Across the street from the very successful Fresh Market on University Parkway sat a tract of land that was undeveloped due to its ‘Wetlands’ designation. This full-featured swamp was the home of a multitude of endangered, mud-loving creatures. Here you could find eight varieties of Garbanzos, including the frog-like purple Kroak; and the extremely rare Albino Gecko. This is the strain that had mysteriously lost its ability to change color. It’s rumored in certain tree-hugging circles that this tragedy of nature was caused by careless housewives using too much Clorox in their laundry. The knee-deep, muck-covered 20-acre site was a treasure trove of discovery for fanatical environmentalists.
But along came the eco-conscious Whole Foods chain. They lusted over the success of The Fresh Market in this high-end shopping Mecca, so they decided to build a store on the virgin Florida bog. They used a loophole in the state’s land development rules to get around the wetlands designation and built a huge supermarket, some satellite stores, and even a Wawa gas station. And to quiet their detractors, they added a few electric-car charging stations.
As both a vendor and customer of Amazon, we received a special invitation to visit the store. Our first experience was awe-inspiring. The place was lit up like a Broadway stage, with displays everywhere. In order to navigate the store, you must first go through the produce department, which of course has the highest price markups. You never saw such a huge collection of chemical-free fruits and vegetables in your life. Or so many store associates in one area constantly picking up and discarding the anemic, preservative-free produce that was wilting in front of your very eyes.
When we got to the end of our tour, exploring every department, we came to a dining area. It was Whole Foods’ version of a cocktail lounge. It was set in the corner of the store with two walls of full-length windows looking out to the picturesque parking lot with those charging stations. And it was as brightly lit as the rest of the store. There was a bar that served beer and wine, along with some small-plate, prepared food options.
Sara looked at me and said, “Hey, it’s already after five, so why don’t we have some wine?” We sat down and asked for two glasses of chardonnay.
The effusive bartender said, “Welcome to the Good Earth Lounge. Today’s Happy Hour special is Butterflies and Bumblebees Organic Chardonnay. It’s grown in a vineyard adjacent to the Costa Rican Rain Forest. And it’s made with desalinated water from the depths of the Pacific Ocean!” I took my first sip and shuddered. It tasted like diluted camel sweat. Sara looked at me and made a face. I leaned over and whispered that we’d better have something to eat or we would never hold down this wine.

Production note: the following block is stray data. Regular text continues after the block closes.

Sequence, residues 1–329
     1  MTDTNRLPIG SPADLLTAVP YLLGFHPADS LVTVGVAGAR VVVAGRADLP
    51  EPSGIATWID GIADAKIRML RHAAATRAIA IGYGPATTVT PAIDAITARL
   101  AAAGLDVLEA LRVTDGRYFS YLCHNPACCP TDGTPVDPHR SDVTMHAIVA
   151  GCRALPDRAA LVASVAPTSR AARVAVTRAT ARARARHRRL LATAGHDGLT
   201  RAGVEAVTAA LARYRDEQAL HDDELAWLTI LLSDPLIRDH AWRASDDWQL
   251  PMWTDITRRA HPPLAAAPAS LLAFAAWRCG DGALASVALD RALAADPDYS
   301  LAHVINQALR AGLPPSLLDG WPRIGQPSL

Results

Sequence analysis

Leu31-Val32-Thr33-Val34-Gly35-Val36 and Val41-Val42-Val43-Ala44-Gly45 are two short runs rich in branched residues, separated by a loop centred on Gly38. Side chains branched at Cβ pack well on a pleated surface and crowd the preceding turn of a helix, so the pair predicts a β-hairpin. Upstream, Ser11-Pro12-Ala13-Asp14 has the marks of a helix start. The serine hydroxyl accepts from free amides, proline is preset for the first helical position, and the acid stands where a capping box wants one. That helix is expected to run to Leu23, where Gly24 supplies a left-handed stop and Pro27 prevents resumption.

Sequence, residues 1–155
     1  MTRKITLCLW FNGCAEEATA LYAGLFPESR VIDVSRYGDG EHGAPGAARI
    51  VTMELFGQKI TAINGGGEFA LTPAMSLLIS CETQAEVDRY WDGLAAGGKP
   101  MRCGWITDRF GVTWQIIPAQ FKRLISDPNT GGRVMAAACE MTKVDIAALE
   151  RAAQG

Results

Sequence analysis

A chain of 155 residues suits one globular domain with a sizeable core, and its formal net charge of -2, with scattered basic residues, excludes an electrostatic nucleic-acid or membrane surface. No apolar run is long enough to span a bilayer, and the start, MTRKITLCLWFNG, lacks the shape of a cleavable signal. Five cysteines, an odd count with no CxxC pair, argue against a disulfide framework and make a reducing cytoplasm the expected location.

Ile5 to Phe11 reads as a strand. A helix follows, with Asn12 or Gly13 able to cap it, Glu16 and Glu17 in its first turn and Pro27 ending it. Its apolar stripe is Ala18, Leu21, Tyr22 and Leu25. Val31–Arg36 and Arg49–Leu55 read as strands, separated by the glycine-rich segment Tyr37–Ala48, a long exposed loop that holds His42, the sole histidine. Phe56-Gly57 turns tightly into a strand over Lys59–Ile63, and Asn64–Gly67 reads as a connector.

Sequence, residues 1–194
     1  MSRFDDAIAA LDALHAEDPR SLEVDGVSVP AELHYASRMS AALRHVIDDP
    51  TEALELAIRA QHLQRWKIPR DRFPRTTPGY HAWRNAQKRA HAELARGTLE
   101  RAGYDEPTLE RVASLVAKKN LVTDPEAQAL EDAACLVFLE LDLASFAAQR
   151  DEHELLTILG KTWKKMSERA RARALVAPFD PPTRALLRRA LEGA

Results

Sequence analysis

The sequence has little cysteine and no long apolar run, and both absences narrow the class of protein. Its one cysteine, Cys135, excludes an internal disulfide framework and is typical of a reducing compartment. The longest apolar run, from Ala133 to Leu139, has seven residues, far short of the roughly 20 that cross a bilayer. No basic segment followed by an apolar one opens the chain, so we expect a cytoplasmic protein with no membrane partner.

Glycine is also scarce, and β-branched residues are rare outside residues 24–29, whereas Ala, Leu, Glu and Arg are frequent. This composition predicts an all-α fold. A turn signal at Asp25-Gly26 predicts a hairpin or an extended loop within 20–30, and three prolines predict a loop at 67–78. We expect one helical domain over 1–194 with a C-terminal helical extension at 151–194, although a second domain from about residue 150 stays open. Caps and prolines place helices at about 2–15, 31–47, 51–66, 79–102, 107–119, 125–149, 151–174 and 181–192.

Checking the bar menu, we rejected the vegetarian chickpea sliders, the organic tofu salad, and the alfalfa sprout, gluten-free tacos. We settled on the air-dried guava leaves sprinkled with Bangladesh sea salt. I also asked for a glass of water to wash down the remains of the wine. The heavily-pierced bartender proudly explained that the water, which costs more than the wine, was sustainably collected from a melting glacier in the northern Alaskan Tundra. When I drank it, I detected a slight hint of volcanic ash mixed with polar bear urine.
Sitting next to us were two young women just gushing over the vast array of healthy food offered by this bastion of ecology. Never being one to miss an opportunity, I leaned over and asked why they were so enthusiastic about organic food. In a breathless, near-orgasmic response, the one with the purple hair said, “Oh, did you try the Andes Mountain chanco cheese? It’s made only from the first squeeze of the teat of the GMO-free alpaca herd that has been raised with no hormones, entirely on hand-harvested organic flax.”
By now, I’m feeling the effects of the 2% organic alcohol in the wine, so I jumped on that opening. “Listen, Doll Face. How can cheese made from tits not contain hormones? And when you say ‘GMO-free’, do you realize the farmers in Peru, as well as the rest of the world, have been genetically modifying crops and livestock for thousands of years? Why do you think they have a hand-picked bull to impregnate the most milk-producing cows? Why do you think they cross-pollinate crops to improve the strains of the produce they grow?” The two women looked at me like I had already been infected by the brain-eating amoeba. This only served to encourage me, so I kept going. “Are you aware that the pesticides and herbicides we use actually make our produce stronger and more resistant to deadly bacteria? They help prevent deadly, food-borne illnesses such as E. coli and salmonella? And they keep your food from going rotten before you get it home.”
With that, the one nearest me screamed, “Get out of here, you freak! You’re going to die a horrible death before you turn 60.” When I told her that I was well past that milestone, she threw her plate of edamame pods at me. With that, the bartender sprang into action, asking us to leave, as he dialed Security. Getting away from those two incensed madwomen made me realize that not eating organic food could be a danger to your health.